Discomfort surfaces in the two brief scenes that come closest to holding to account Nanjiani’s likeable, mildly neurotic persona. The tremendous Vella Lovell stands out as one of Kumail’s prospective brides, who upbraids him for his cowardice. And Emily rages at him over a perceived betrayal in a scene that would be more persuasive still if the pair seemed like actual lovers rather than just room-mates. There’s a chemistry shortfall between the actors as well as some limits to Nanjiani’s range, which extends from “genial” to “a bit cross”.

He also suffers from the problem, common to stand-ups who become actors, of not always knowing how to integrate material into characterisation. Seinfeld handled it well by showing Jerry getting caught out trying to sneak “bits” into casual conversation, but in The Big Sick the gags often sit on top of the action. The movie’s best joke is Kumail’s response when Terry, who has clearly never met a Muslim before, asks his opinion on 9/11. No man would ever say what he says to the parents of a woman he was hoping to win back, let alone whose life was hanging in the balance, and if we forgive him, it’s only because it’s an ingenious line. It is also one of the thousand or so reasons why The Big Sick is well meaning rather than groundbreaking, and why a Judd Apatow production will never be confused with a Preston Sturges one.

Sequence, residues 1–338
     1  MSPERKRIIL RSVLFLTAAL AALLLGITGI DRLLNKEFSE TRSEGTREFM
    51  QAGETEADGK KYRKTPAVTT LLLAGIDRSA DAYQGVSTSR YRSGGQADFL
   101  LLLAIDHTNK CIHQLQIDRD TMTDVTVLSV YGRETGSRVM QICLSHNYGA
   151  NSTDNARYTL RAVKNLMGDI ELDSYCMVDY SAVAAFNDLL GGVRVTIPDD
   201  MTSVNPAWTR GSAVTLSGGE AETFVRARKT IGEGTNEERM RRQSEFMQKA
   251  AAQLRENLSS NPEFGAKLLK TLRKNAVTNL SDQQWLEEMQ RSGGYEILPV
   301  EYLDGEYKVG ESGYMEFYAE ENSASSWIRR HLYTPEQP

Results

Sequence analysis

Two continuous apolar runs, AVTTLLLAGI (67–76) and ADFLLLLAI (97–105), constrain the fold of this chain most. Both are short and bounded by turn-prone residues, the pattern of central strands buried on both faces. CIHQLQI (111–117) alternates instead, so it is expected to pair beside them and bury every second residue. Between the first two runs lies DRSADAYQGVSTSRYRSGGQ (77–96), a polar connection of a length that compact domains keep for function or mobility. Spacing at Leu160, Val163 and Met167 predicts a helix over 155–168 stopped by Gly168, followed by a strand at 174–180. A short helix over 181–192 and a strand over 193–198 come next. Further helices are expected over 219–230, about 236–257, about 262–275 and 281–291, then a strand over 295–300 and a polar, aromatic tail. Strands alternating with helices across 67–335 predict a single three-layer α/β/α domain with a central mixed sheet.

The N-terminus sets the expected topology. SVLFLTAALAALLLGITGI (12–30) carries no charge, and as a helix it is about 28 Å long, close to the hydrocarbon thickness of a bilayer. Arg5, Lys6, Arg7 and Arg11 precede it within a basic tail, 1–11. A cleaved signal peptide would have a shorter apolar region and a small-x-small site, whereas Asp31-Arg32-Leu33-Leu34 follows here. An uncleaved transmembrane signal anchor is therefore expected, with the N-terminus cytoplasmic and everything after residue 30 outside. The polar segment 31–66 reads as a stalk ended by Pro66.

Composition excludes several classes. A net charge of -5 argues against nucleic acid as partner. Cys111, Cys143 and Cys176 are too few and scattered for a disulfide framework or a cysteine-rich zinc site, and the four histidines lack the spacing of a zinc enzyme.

Ryan Gilbey is the New Statesman's film critic. He is also the author of It Don't Worry Me (Faber), about 1970s US cinema, and a study of Groundhog Day in the "Modern Classics" series (BFI Publishing). He was named reviewer of the year in the 2007 Press Gazette awards.

This article first appeared in the 27 July 2017 issue of the New Statesman, Summer double issue